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. Last Updated: 07/27/2016

Bancrofts Rethink Dow Jones Deal

NEW YORK -- After initially rebuffing an offer from Rupert Murdoch's News Corp., the Bancroft family says it is ready to meet with the media mogul to discuss his interest in buying Dow Jones & Co., the publisher of The Wall Street Journal.

The Bancrofts, who control the shareholder vote of Dow Jones, said in a statement late last week that after reviewing Dow Jones and the rapidly changing arena of business news and information in which it operates, "the mission of Dow Jones may be better accomplished in combination or collaboration with another organization, which may include News Corporation."

The family said it remained committed to preserving the newspaper's independence and integrity and were willing to meet with Murdoch to determine whether they could be assured those qualities would continue under his ownership. They also said they would consider other offers.

Despite the newspaper's prestige and tremendous clout in the business world, Dow Jones remains a relatively small company compared with large media operators such as Murdoch's News Corp. Reuters Group and Bloomberg have made huge inroads in the business of providing real-time financial news and information to investors.

Murdoch started as a newspaper owner in Australia, and today his News Corp. media conglomerate has operations across the globe, including Twentieth Century Fox, Fox News Channel, the New York Post and MySpace.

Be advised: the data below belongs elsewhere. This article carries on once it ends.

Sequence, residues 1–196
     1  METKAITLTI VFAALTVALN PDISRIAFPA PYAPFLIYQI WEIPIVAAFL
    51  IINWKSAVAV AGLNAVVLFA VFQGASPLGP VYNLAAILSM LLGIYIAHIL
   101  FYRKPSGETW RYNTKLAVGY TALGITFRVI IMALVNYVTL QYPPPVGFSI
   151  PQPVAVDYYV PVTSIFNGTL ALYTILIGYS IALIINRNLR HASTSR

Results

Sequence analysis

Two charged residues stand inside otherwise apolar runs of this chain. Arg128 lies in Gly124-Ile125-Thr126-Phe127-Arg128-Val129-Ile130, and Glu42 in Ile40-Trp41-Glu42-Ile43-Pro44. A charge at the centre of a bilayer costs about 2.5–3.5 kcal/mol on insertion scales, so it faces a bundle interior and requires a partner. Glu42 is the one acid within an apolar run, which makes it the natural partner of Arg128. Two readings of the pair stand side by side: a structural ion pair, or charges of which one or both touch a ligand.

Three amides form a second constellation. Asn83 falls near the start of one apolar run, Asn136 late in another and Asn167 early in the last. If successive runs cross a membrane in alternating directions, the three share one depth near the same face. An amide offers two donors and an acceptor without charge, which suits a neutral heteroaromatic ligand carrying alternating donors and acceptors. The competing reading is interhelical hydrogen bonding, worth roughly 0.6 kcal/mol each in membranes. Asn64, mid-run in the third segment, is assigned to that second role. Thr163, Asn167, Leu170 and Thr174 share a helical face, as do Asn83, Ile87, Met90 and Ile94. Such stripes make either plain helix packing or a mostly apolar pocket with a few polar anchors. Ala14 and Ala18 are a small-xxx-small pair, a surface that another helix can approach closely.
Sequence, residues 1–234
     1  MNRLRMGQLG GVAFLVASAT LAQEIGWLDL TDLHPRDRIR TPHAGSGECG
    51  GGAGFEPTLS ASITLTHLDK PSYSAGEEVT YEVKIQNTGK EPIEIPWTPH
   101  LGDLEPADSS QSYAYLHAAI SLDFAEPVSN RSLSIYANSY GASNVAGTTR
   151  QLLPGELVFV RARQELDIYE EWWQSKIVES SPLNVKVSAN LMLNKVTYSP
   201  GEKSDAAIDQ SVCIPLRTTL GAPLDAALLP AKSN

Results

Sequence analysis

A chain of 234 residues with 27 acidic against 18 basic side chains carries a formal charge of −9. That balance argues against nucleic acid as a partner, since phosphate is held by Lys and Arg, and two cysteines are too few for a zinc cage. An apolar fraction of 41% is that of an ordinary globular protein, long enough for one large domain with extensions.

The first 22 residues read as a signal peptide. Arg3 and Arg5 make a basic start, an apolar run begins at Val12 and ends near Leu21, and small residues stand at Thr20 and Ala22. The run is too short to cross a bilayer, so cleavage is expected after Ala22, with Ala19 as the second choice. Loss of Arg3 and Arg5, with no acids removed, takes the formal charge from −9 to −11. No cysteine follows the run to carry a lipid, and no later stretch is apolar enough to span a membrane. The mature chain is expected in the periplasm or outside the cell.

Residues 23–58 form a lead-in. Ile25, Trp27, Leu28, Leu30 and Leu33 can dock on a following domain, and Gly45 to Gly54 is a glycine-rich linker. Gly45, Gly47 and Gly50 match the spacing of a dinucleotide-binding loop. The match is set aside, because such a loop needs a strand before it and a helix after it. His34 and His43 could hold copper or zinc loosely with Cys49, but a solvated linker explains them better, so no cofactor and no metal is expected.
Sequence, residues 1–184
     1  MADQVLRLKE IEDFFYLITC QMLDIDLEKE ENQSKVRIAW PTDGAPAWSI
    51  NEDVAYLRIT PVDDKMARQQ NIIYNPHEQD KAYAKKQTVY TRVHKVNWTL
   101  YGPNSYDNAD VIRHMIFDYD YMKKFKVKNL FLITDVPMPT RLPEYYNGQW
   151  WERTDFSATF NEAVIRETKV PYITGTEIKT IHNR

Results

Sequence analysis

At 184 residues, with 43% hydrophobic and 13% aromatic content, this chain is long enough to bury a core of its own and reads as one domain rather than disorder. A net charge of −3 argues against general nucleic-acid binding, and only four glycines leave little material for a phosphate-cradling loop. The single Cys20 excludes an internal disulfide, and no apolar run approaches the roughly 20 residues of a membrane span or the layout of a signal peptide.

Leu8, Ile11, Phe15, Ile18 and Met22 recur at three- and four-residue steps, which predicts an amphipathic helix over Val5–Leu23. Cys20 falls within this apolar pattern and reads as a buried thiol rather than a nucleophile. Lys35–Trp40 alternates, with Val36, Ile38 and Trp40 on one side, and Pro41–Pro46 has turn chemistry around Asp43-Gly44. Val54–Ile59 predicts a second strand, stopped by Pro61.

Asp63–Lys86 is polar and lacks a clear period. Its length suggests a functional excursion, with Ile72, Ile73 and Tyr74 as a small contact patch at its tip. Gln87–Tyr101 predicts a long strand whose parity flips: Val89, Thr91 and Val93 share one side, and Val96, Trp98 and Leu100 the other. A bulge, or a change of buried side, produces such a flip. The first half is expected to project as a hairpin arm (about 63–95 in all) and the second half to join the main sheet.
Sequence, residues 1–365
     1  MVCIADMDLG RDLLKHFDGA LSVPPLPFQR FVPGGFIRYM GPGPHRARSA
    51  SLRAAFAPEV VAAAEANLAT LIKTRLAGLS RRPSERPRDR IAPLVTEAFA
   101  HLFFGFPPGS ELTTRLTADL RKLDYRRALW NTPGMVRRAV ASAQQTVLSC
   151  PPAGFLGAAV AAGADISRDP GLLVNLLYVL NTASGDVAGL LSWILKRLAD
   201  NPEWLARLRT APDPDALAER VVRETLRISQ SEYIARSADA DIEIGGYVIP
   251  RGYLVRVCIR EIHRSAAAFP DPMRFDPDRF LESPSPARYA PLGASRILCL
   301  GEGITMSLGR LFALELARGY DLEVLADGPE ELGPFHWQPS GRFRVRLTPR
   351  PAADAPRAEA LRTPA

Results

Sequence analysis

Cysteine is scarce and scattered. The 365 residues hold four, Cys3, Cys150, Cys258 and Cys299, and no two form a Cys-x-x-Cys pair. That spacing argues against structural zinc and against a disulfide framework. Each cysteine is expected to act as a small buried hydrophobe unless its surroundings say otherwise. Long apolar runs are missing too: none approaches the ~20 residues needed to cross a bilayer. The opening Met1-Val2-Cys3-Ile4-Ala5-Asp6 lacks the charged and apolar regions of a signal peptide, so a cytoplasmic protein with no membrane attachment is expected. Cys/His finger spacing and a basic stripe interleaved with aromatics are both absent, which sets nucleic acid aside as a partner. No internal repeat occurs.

The $5 billion offer that Murdoch made for Dow Jones could easily be paid out of News Corp.'s cash stockpile.

Murdoch has said he would invest in the newspaper and ensure its editorial independence, something that the Bancroft family and employees of Dow Jones say is paramount.

The union representing employees of the newspaper has been steadfastly opposed to Murdoch's overture, saying he would likely damage the newspaper's quality and compromise its independence. Jim Ottaway Jr. a former board member who controls 5 percent of the company's voting power, has said he is also opposed to Murdoch's bid.

Like several other newspaper publishers, including The New York Times Co. and The Washington Post Co., Dow Jones is a public company but is controlled by a family through a special class of shares with powerful voting rights.

Family control, its advocates say, is intended to insulate newspapers from short-term financial demands from shareholders and to safeguard their independence and protect their mission of public service.

Murdoch has said he also understands the importance of family stewardship as his own company is controlled by him and family trusts, albeit to a lesser degree than the control exercised by the Bancrofts of Dow Jones, the New York Times' Sulzbergers and the Grahams of The Washington Post.

Also, Dow Jones has an important difference from The New York Times and The Washington Post in that no family members are currently involved with the company's day-to-day management. The Bancrofts are also numerous and geographically diverse.